Andorra is intriguing. And I mean this for more reasons than one; not only are its snowy, white peaks sandwiched in a geopolitical anomaly between France and Spain, but its capital town, Andorra la Vella, has become such an enormous hub of consumerism that there are now more than 2000 shops in its vicinity – that’s more than one per every 40 inhabitants.
Along with that comes the best skiing in the Pyrenees, loaded with resorts that have invested over €50 million in the last five years, adding in mountain cafés and restaurants, chairlifts and gondolas, car parks and even snow-making machines. More than solely a winter destination, when the snow melts, Andorra offers plenty to see and do. Enjoy our Andorra travel guide!
When to go to Andorra
Andorra is an all-year round destination, with skiing in winter and hiking, nature trails and canyoning the rest of the year. It has a typical mountain climate; warm in summer with temperatures dropping in the evening and sunny, but cool winter days.
In summer, visit the town of Canillo, one of the highest in Andorra. Here, travellers can go ice-skating at Palau de Gel, potter around pretty mountain villages, go fishing in the Valira d’Orient river, wallow in its thermal waters or hike along Andorra’s many well-marked trails.
For skiers visiting in the winter months, Andorra offers vertical drops of up to 1000m and runs of several kilometres over open slopes and groomed pistes. Beginners and experts are both well catered for and lift costs are low when compared with the Alps.
Grandvalira is located in the north-east of Andorra, in the parishes of Encamp and Canillo. It is the largest skiable area in Southern Europe, with 205 km of slopes. Why not stay in the Grandvalira Igloo Hotel, a 2,300m high igloo that offers with a Snowcat trip, welcome cocktail, dinner, tea, water, a night-time outing (snowshoes), jacuzzi, downhill ski run or by chairlift and breakfast.
Vallnord is located in in the parishes of La Massana and Ordino and is home to three main skiing sectors: Pal, Arinsal and Arcalís. There are ample things to do throughout the week and over the weekend; think mushing, skimobiles, sleighs, skibikes, speedriding, panoramic flights, heliskiing, under-ice diving, outings and night-time fondues.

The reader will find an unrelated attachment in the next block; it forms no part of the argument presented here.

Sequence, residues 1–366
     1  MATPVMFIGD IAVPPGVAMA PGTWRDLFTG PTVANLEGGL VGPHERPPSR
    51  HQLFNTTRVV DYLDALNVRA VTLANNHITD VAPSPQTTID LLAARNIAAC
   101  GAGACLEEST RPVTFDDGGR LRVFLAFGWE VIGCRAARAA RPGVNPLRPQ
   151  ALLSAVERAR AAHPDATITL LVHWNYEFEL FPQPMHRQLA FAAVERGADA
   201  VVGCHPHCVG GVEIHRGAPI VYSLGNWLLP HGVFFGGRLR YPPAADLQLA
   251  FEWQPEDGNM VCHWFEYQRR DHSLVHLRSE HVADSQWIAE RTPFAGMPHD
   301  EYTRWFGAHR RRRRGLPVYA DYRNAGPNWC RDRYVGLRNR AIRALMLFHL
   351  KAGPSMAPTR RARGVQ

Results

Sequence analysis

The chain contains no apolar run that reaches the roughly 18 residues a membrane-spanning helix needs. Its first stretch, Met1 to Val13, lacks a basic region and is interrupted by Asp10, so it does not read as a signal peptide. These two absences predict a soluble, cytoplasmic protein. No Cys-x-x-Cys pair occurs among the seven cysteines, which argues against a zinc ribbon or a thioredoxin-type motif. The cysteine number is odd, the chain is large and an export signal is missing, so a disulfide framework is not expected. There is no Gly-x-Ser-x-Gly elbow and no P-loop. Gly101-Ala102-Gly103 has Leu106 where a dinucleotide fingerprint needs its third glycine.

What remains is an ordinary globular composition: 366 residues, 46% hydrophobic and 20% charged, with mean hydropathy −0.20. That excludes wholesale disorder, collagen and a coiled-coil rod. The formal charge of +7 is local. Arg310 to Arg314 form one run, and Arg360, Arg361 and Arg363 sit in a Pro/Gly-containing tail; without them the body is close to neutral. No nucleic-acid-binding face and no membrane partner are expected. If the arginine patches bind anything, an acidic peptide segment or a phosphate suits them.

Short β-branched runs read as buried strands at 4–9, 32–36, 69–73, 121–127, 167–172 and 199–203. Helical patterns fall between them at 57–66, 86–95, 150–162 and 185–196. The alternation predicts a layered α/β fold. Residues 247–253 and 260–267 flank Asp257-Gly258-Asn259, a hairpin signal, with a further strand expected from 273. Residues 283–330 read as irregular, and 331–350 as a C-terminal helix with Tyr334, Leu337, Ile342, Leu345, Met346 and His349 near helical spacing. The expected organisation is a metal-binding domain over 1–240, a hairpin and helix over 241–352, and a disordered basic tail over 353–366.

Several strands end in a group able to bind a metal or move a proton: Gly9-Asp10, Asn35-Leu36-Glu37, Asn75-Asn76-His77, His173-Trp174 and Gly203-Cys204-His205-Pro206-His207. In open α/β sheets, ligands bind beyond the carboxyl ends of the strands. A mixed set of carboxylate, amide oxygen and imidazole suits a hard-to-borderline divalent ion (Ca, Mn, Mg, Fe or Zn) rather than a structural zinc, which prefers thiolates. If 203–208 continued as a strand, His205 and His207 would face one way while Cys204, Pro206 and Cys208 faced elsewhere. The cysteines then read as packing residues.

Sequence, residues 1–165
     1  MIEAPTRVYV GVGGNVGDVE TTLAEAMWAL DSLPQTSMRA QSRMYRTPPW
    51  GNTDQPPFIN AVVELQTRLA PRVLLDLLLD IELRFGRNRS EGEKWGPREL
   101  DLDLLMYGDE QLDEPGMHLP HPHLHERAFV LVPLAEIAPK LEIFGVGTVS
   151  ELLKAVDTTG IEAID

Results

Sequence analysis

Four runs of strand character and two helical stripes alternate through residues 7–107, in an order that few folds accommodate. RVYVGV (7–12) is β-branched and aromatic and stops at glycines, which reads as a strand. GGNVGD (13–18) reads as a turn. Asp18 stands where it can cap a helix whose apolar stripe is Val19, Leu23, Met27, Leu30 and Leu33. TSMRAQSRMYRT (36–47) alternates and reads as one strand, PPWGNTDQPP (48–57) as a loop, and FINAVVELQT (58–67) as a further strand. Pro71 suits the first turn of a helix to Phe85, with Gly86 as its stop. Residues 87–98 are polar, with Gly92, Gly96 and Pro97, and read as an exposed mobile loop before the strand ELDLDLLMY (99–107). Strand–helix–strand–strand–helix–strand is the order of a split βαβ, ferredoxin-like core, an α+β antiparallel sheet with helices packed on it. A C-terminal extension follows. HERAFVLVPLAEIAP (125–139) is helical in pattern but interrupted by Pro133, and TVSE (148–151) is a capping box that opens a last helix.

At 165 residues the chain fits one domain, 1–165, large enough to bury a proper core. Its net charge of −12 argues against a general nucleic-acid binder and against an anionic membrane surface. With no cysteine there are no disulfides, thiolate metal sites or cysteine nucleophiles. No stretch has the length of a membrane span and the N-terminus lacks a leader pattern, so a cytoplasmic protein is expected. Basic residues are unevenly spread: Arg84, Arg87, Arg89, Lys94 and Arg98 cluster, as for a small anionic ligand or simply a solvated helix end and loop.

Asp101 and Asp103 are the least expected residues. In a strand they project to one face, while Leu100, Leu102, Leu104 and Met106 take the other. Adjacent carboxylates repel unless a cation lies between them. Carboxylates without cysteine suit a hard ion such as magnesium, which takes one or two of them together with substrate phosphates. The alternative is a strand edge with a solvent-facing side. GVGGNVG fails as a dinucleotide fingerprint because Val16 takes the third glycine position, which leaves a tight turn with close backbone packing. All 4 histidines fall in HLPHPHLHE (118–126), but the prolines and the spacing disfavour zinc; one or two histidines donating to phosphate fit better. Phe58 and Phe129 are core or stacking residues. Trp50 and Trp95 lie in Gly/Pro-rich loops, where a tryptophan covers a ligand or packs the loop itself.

Soldeu El Tarter
Soldeu El Tarter is a lively and friendly village. The ski resort has become very popular with British skiers due to its relaxed ambiance and great après-ski activities.
Naturlandia is located in the forest of La Rabassa in the parish of Sant Julià de Lòria. This snow park offers sensational winter activities for all the family, along with exceptional panoramic views, a children’s park, an ice rink and a village of Nordic dogs. There’s also the Tobotronc (see below).
Things to do in Andorra
Aside from skiing, Andorra offers some incredible activity options. Take these for example:
There are plenty of summer activities to be had in Ordino and its surroundings, particularly if you enjoy hiking and nature trails. Walks can range from easy strolls to demanding day hikes in the higher, more remote reaches of the principality.
Tobotronc at Naturlandia
One of the main attractions at Naturlandia is the Tobotronc, the world’s longest Alpine coaster, spanning 5.3 km. The Tobotronc offers a journey through the beautiful alpine forest, seated in a comfortable two-seater sleigh you control at all times.
Mushing (not to be confused with moshing) is the ideal activity for all the family. Enjoy being carried by these dog-sledges or learn how to drive them yourself. This activity helps you discover how huskies behave, the commands to give so that they obey you and, at the same time, to enjoy gliding through the spectacular Pal landscape on the sleighs.
Located in the heart of the fertile valleys of Andorra, Andorra la Vella is a well known shopping destination because of the great prices (no taxes). You can find pretty much anything you like here, with guests often buying items such as cigarettes and perfumes in bulk. However, reducing the city to a simple shopping trip would be a mistake as it is rich in unspoiled nature and remarkable historic sites. While it’s worth it to travel to Andorra for extended shopping experiences, it is also nice to randomly wander its narrow streets and discover the historical heritage they contain.
Cheap options for accommodation in Andorra are tricky to find and relatively low on charm. To add insult to injury, prices get even steeper during the July and August months, and then again between December and March. One solution is to camp; Andorra offers plenty of well-located sites, while walkers can stay for free at one of Andorra’s many mountain refuges (refugis). However, if you do have a little bit of extra cash to spend on your holiday, Andorra has some outstanding hotels. Aside from the incredible Grandvalira Igloo Hotel, our favourite is the Magic Pas Hotel in Pas de las Casa, which sits directly on top of the slopes.
Andorra food & drink
Food in Andorra is mainly of Catalan origin, with a heavy emphasis on meat and cheese. Dishes such as Carn a la brasa (beef, lamb or pork grilled over an open fire) and truita (fresh river trout) are firm favourites in the region, while typical Andorran dishes are trinxat, a cabbage, potato and bacon cake and escudella, a chicken, sausage and meatball stew. Vegetarians should stock up on the pa amb tomàquet (bread with olive oil, garlic and tomato) as veggie dishes are somewhat hard to find in Andorra.